A classic memoir of self-invention in a strange land: Ian Buruma's unflinching account of his amazing journey into the heart of Tokyo's underground culture as a young man in the 1970'sWhen Ian Buruma arrived in Tokyo in 1975, Japan was little more than an idea in his mind, a fantasy of a distant land. A sensitive misfit in the world of his upper middleclass youth, what he longed for wasn't so much the exotic as the raw, unfiltered humanity he had experienced in Japanese theater performances and films, witnessed in Amsterdam and Paris. One particular theater troupe, directed by a poet of runaways, outsiders, and eccentrics, was especially alluring, more than a little frightening, and completely unforgettable. If Tokyo was anything like his plays, Buruma knew that he had to join the circus as soon as possible.Tokyo was an astonishment. Callow and unformed, Buruma found a feverish and surreal metropolis where nothing was understated, and everything shouted for attention--neon lights, crimson lanterns, Japanese pop, advertising jingles, cabarets, and PA systems. He encountered a city in the midst of an economic boom where everything seemed new, aside from the isolated temple or shrine that had survived the firestorms and earthquakes that had levelled the city during the past century. History remained in fragments: the shapes of wounded World War Two veterans in white kimonos, murky old bars that Mishima had cruised in, and the narrow alleys where street girls had once flitted. Buruma's Tokyo, though, was a city engaged in a radical transformation. And through his adventures in the world of avant garde theater, his encounters with carnival acts, fashion photographers, and moments on-set with Akira Kurosawa, Buruma underwent a radical transformation of his own. For an outsider, unattached to the cultural burdens placed on the Japanese, this was a place to be truly free. A Tokyo Romance is a portrait of a young artist and the fantastical city that shaped him. With his signature acuity, Ian Buruma brilliantly captures the historical tensions between east and west, the clash of conflicting cultures, and the dilemma of the gaijin in Japanese society, constantly free, yet always on the outside. The result is a timeless story about the desire to transgress boundaries: cultural, artistic, and sexual....
|Title||:||A Tokyo Romance: A Memoir|
|Number of Pages||:||256 pages|
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A Tokyo Romance: A Memoir Reviews
Uninspired. And at least 60% of the material here can be found in other (better) books by Buruma.
This is a memoir about a "gaijin" (a white person) in Japan in the late '70s. I was surprised at the contemporary films, theater, and art scene described (at times reminiscent of what I've read about the Andy Warhol scene at the Factory in its outrageousness). Ultimately everything had a foreign feel, but what resonated for me was the attempted immersion into another culture described in this book.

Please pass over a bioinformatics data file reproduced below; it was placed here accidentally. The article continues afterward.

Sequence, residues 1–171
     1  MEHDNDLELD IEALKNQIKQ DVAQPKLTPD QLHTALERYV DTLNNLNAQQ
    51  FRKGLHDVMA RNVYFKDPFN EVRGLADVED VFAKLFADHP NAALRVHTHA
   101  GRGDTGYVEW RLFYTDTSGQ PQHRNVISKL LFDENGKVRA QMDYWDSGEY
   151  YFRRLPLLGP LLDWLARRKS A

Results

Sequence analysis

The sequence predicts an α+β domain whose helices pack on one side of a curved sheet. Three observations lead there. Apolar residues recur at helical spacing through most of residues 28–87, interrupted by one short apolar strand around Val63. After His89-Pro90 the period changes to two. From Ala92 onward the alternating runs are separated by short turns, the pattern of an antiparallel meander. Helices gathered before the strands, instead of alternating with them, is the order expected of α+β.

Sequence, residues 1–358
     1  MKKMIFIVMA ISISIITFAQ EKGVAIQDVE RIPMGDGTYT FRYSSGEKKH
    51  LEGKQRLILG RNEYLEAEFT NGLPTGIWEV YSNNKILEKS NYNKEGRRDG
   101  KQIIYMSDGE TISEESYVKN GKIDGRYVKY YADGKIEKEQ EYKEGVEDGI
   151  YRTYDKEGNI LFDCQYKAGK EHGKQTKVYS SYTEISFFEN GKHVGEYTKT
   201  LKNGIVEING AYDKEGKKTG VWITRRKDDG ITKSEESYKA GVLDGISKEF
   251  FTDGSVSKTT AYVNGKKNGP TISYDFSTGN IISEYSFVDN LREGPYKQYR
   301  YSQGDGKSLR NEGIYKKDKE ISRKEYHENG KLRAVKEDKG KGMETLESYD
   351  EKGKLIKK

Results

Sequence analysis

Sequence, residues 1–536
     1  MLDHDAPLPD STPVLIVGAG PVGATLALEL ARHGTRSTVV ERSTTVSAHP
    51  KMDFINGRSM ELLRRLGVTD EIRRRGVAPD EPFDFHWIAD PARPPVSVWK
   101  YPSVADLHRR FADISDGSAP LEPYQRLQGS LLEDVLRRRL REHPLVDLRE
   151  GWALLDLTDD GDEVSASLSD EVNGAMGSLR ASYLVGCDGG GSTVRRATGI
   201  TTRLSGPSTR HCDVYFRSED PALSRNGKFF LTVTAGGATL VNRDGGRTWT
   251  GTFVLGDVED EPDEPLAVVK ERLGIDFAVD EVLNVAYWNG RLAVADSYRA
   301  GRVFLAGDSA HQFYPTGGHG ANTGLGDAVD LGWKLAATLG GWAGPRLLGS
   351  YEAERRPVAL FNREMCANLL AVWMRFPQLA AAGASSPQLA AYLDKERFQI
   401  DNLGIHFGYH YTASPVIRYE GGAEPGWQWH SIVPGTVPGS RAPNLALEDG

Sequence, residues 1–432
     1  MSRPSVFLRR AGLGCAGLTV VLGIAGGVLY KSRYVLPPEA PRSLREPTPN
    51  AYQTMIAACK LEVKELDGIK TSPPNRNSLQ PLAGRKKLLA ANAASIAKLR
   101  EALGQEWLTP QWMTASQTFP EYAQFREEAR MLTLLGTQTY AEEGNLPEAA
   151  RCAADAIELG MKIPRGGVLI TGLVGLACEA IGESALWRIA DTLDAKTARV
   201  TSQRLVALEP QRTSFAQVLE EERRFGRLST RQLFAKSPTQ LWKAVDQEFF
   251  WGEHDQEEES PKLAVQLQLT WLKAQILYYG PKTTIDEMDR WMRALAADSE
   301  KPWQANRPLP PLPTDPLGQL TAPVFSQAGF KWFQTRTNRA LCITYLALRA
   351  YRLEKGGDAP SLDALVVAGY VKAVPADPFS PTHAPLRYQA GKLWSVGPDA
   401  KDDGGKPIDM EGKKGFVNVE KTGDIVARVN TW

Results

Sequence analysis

Thanks to First to Read- Penguin Books USA for the free copy of this book.
Gaijn, buitenstaander zijn en blijven in Japan. Als Gaijn kan je het leven met kalme onthechting observeren zonder aan iemand iets verplicht te zijn, vertelt Donald Richie, een Amerikaan die jaren in Japan woont, en Buruma inwijdt in de Japanse cultuur en kunstwereld. Ian Buruma vertrok op jongen leeftijd naar Japan om zich los te maken van het eigen milieu en kennis te maken met een totaal andere wereld als Japan was en is.
Hij schrijft zich in als student bij een filmacademie waar hij niet vaa ...more
Fascinating tale, memoir. It starts off with a privileged baby boomer from Holland, albeit his mother is a Jewish woman from a England whose brother was John Schlesinger, director of the iconic 1969 film Midnight Cowboy. The description of the upheaval of the 60s was interesting mainly because it showed how similar the scene was in Europe and US. The author is drawn to Japan, having a Japanese girlfriend, where he remains for six years.
He is involved in the underground art world in Japan, dance, ...more
In dit boek een heel andere kant van de schrijver Buruma. Als jonge student woont hij 6 jaar in Japan, van 1975 tot 1981. Dat is de tijd van het surrealistische theater en film. Hij dompelt zich onder in het milieu van acteurs, schrijvers en filmmakers. De intentie is om helemaal thuis te raken tussen de Japanners, maar dat blijkt een illusie. Een vreemdeling (gaijin) wordt in Japan nooit helemaal geaccepteerd. Waar wel trouwens? Buruma beschrijft dit goed. Hij heeft soms hilarische avonturen, a ...more
West meets East and past meets future in this somewhat self-indulgent retrospective into the “gaijin” author’s foray into the creative, if sometimes seedy, underground culture of 1970s Tokyo. It reads like an ethnography in parts, which I guess it is. I was given an advance copy courtesy of LitHub First Readers’ Club Book Giveaway (thank you).
An unfinished book that regularly reappears on my bedside table is The Donald Richie Reader: 50 Years of Writing on Japan, or its alternate, The Japan Journals: 1947-2004. Richie arrived in Japan in 1947 and ended up enjoying the rest of his life there – the journals, writings on Japanese cinema and culture (not to mention, The Inland Sea), never lose their charm for me. Richie appears in the first sentence of Buruma’s new book, and I was guilty of expecting a modulation of the same, the insider ...more